Fourth, when he discusses the differential tax treatment of three types of trust unit holders, he notes that 39% of the value of units are held by Canadians in RRSPs and other tax deferral accounts. He then indicates that the gross revenue losses in this category “could be offset by an annualized revenue gain arising from a higher yield on trust investments and larger pension and RRSP withdrawals.” Notice the tentative nature of this very important statement by use of the word “could”. In fact, Mintz did this in his calculations of the net revenue losses. Later, Mintz (2006a) states: “if it is assumed that a higher yield on units of income trusts provides greater retirement income in the future for investors, additional personal tax revenues, on an annualized basis, would be $200 million for current trust conversions, resulting in a net loss of $500 million annually” for this category of unitholders. However, he does not state what discount rate he used for this calculation. This suggests that Mintz took the present value of personal income taxes applied to withdrawals from tax deferred accounts into his calculation of net revenue losses. But the point is not clear.

In the view of a former Finance official, “Mintz failed miserably to address this crucial issue,” i.e. deferred taxes (Fortin, 2009). (For a more detailed discussion, see Fortin, 2006.) Yet Mintz was critical of the Department of Finance’s failure to include deferred income taxes in its estimate of “tax leakage.” In an e-mail to Brent Fullard, the president of CAITI, on November 28, 2006, Mintz said: “I do want to point out that there is a serious flaw in some analyses especially on the taxation of pension and RRSP accounts. Finance was not right to treat the impact as zero.” Most interesting—because I could not find anything in print by Mintz to this effect. Yet Mintz evidently made a considerable effort to get his negative views about income trusts into the public domain.

Fifth, it appears, however, that Mintz (2006a) had changed the way he deals with the deferred personal income taxes on units in RRSPs. Recall that in Aggarwal and Mintz (2004), the assumptions for these deferred taxes resulted in a present value of zero. Now, they amount is $200 million per year annualized. Quite a difference. Yet, there is no discussion of this important change in methodology and /or assumptions. Why? Surely, this point should be made clear to one’s academic and professional colleagues.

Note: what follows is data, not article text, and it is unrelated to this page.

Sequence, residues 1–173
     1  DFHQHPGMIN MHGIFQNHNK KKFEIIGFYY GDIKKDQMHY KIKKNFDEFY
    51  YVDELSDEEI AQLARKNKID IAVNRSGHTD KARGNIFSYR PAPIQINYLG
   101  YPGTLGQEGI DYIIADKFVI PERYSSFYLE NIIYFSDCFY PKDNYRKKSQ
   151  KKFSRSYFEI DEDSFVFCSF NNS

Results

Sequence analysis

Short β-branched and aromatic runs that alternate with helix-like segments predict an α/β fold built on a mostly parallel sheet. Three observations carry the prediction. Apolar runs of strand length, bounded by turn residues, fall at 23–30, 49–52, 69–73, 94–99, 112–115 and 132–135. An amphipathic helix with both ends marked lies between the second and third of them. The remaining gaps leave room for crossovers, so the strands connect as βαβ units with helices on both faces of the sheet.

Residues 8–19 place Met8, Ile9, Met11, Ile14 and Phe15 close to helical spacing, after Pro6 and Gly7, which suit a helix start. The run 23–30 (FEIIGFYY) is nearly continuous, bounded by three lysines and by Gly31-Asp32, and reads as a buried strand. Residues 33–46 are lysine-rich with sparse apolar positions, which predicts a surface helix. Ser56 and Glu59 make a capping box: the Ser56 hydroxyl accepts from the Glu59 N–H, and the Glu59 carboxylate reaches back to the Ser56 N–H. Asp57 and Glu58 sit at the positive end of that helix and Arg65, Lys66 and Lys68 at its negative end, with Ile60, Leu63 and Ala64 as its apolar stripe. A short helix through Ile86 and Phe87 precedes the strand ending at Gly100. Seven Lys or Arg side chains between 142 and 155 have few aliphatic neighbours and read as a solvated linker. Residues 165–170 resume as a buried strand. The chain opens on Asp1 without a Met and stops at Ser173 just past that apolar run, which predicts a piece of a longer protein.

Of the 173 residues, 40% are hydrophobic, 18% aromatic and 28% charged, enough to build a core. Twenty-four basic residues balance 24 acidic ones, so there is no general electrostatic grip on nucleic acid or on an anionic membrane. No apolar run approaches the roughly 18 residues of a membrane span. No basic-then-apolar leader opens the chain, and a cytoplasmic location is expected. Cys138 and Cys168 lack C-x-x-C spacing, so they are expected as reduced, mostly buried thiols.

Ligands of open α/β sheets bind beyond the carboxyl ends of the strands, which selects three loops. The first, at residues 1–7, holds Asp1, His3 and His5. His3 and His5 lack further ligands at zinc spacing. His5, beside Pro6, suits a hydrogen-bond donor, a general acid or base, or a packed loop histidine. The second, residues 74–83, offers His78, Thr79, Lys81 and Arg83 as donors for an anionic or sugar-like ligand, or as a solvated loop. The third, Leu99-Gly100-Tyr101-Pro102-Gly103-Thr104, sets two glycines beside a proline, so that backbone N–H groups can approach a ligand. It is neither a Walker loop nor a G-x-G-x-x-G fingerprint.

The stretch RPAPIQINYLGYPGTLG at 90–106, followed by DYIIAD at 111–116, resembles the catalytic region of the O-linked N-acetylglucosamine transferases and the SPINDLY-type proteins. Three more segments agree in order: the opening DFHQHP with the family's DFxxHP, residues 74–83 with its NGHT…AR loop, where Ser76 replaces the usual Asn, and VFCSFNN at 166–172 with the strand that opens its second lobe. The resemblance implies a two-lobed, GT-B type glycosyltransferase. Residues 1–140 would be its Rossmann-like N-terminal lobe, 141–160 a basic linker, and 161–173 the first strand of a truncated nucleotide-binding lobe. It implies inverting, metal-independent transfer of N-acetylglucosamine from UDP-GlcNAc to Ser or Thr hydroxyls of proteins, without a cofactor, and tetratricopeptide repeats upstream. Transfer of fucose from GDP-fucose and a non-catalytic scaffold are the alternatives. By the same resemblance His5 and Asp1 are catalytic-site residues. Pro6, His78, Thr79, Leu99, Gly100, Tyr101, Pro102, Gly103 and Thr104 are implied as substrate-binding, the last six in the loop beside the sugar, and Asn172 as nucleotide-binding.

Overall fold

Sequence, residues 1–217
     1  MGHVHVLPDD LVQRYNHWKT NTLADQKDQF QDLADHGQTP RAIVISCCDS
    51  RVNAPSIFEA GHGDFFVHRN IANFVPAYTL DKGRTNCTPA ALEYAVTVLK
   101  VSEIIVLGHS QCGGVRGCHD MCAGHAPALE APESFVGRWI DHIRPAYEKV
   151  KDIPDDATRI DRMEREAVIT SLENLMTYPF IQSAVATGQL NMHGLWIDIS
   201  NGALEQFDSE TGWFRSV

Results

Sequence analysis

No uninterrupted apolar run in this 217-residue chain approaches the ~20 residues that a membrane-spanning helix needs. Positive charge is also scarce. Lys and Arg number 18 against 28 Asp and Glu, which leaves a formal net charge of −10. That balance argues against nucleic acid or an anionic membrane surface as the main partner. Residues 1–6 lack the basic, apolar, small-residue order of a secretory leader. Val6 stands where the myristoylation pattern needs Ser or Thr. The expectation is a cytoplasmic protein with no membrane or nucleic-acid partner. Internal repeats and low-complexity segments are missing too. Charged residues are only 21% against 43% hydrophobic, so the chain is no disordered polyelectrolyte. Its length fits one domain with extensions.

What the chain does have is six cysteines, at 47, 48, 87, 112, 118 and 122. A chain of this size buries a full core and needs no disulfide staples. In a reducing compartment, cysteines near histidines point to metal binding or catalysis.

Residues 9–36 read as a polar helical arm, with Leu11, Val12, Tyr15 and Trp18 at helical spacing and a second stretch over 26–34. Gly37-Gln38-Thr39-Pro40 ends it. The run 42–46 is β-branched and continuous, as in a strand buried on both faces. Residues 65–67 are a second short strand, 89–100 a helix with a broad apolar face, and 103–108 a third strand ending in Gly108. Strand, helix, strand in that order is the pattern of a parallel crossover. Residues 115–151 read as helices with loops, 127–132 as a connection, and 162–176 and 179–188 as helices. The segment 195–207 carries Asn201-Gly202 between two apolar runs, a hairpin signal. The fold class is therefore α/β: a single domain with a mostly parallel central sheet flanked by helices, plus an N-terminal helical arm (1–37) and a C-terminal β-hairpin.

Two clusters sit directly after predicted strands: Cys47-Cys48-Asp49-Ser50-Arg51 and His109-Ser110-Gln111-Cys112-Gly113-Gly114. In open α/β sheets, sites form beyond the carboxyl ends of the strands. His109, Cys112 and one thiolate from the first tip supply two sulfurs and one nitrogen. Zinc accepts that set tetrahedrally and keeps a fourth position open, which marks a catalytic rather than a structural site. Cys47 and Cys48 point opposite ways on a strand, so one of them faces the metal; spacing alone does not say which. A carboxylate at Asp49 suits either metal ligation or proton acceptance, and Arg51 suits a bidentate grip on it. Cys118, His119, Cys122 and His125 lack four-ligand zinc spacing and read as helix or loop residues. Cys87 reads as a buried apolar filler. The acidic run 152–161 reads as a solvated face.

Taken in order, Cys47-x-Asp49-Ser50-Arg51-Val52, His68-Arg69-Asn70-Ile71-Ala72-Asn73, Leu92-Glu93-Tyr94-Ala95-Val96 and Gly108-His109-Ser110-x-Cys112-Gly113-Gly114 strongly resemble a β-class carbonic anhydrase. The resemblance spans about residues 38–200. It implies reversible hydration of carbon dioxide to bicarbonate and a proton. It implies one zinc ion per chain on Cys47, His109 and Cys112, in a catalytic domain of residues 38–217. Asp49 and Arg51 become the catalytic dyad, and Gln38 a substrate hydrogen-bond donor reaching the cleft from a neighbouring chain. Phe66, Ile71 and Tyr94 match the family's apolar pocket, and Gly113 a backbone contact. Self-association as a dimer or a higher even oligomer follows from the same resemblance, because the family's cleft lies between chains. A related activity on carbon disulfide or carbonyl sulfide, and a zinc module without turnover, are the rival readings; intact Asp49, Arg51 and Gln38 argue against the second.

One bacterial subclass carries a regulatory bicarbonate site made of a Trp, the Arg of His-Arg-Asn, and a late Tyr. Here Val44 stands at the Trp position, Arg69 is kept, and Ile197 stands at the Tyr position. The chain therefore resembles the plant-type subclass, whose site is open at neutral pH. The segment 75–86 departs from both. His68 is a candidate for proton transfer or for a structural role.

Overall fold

Sixth, Mintz (2006a) states that the combined federal and provincial tax revenue losses in 2006 – if both Telus and BCE become income trusts as planned —would be $1.1 billion. This estimate is hugely overstated as the superior work of Dennis Bruce (2007) makes clear. Both Telus and BCE stated that they expected to pay little or no corporate income taxes for the next several years. That means that if the two companies converted, the revenue loss would be much smaller than Mintz suggests. Apparently, he applied the average effective rate of corporate income tax for his previous set of companies to the two huge additions to his data base. Given their size, and the availability of company-specific data, these two corporations merited being handled by examining their specific situations. If he had done so, he would have reported a vastly lower estimate for revenue losses because the two corporations expected to pay little or nothing in corporate income taxes. The inclusion of BCE and Telus would have lowered the average a great deal. Professor Yves Fortin, on behalf of CAIF, estimated in December 2006 that “it might well be that no tax leakage would be found if such a study was done properly” (Globe and Mail, December 19, 2006). Dennis Bruce made essentially the same point based on extensive research—see below.

Seventh, Mintz said that in his estimates that “federal and provincial corporate taxes are estimated to be 9.7 percent of EBITDA, taking into account corporate tax changes and provincial capital taxes.” Note that this is lower than the figure of 14.7% used in Aggarwal and Mintz (2004, p. 801). Mintz (2006a) provided no explanation, but it may reflect the reductions made in the federal corporate income tax between 2004 and 2006.

Eighth, Mintz (2006a) does not provide a breakdown between federal and provincial tax revenue losses. This distinction was lost on the Minister of Finance who later repeatedly claimed that with the expected conversion of Telus and BCE, the federal government would have suffered “tax leakage” of $1.1 billion in 2006. Finance Minister Flaherty was careless with these numbers—and always on the side of exaggerating the revenue losses. I could find no published comments by Mintz correcting the Minister.

Ninth, Mintz (2006a, p.690), very usefully put the claimed tax revenue losses into perspective as follows: “Overall, the tax revenue loss to government is not large compared with current annual federal and provincial revenues of almost $500 billion. However, as the income trust sector grows, it will be important to evaluate whether this tax cut [the claimed $1.1 billion] is more efficient than other growth-oriented policies…” PricewaterhouseCoopers (2006, pp. 22-23) pointed out that Canada was running a budgetary surplus and – more important – it appeared to have a “structural surplus.”

Fortin (2009) noted that Mintz (2006a) failed to properly address the important difference between nominal tax rates and the actual or effective rates; that Mintz repeated the error in the Consultation Paper by ignoring the fact that income trust distributions are based on cash flow rather than profits and that the taxes later collected from unitholders is on a higher amount of income. Further, Fortin (2009) noted that Mintz (and Finance) ignored the fact that the Government of Canada had moved from cash to full accrual accounting in the Budget of February 2003. Thus deferred taxes do not adversely affect the budget position, but they may affect its cash position.